If you've watched even 30 seconds of TV or walked down the skincare aisle of any drugstore in the last few months, then you've definitely seen that sulfur, the egg-smelling, fire-and-brimstone mineral, is officially being touted as the latest and greatest "miracle" cure for acne.
Though sulfur has been used since ancient times to treat both skin conditions and, you know, plagues and evil spirits, it's recently jumped on the trend train and has been rolling out in creams, cleansers, masks, and moisturizers that pretty much beg you to buy them. But is it really that good?
"It can be," says Yale dermatologist and all-around acne queen, Mona Gohara. "Sulfur has natural antibacterial properties, so it not only works to eradicate acne-causing bacteria in your pores, but it also helps prohibit new bacteria from growing when you use it regularly."
And if that vaguely sounds like the same thing as benzoyl peroxide and salicylic acid, you'd be (almost) correct, as they do have similar effects, but with a few caveats: "A defining feature of sulfur is its keratolytic properties, which allows it to break down the keratin in your skin," says Gohara. "When excess sebum and bacteria clog your pore, causing a zit, the lining of the pore can't shed properly, resulting in keratin build up. Sulfur helps regulate the shedding."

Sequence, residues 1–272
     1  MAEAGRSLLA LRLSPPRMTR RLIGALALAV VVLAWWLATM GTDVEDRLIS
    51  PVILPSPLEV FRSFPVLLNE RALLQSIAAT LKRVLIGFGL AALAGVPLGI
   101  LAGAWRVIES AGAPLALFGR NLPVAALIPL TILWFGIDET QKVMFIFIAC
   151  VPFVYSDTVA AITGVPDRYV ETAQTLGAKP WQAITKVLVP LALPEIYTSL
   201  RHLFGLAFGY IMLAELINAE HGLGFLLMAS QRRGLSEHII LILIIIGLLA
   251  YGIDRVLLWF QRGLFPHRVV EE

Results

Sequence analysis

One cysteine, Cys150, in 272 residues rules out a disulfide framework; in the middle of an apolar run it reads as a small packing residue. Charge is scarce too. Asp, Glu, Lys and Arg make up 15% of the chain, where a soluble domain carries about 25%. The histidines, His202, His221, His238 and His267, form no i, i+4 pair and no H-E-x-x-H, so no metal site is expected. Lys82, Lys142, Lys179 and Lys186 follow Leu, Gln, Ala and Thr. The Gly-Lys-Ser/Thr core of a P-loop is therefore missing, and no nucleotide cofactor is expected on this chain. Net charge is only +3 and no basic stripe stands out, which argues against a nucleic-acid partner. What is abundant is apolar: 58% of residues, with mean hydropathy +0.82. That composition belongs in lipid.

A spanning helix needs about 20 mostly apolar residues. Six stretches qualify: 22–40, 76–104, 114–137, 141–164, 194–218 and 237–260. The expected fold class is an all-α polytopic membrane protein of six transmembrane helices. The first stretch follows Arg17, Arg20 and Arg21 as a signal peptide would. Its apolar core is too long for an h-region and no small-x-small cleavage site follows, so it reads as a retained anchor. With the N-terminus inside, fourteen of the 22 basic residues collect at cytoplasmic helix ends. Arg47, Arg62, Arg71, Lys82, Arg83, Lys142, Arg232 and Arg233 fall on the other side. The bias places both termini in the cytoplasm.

In comparison, benzoyl peroxide only kills acne-causing bacteria on your skin (which is great for classic white-tipped pimples, though it tends to be more drying and irritating), while salicylic acid doesn't kill bacteria, but instead exfoliates oil-filled pores, which can help with blackheads and closed comedones.
So what's the benefit of switching to sulfur-based products? "Sulfur is topically much more mild than other forms of acne medications, making it pretty tolerable for most people," says Gohara, adding that if you've consistently faced irritation with traditional acne treatments in the past, sulfur could be a good pore-unclogging and oil-sucking ingredient to try.
Just make sure to go slowly, if you have dry or sensitive skin, and start with a face wash, first, to see how your skin tolerates it. "If there's no stinging or flaking, you can experiment with masks and spot treatments, and see how they suit your skin," Gohara says.
And to get you started on your glorious sulphuric journey, we handpicked the four best sulfur-based skincare products, below.
1. Peter Thomas Roth Therapeutic Sulfur Masque, $47; BUY IT: amazon.com. 2. Indie Lee Blemish Lotion, $26; BUY IT: dermstore.com. 3. Kate Somerville Eradikate Daily Foaming Cleanser, $38; BUY IT: dermstore.com. 4. X Out Spot Corrector, $25; BUY IT: ulta.com.
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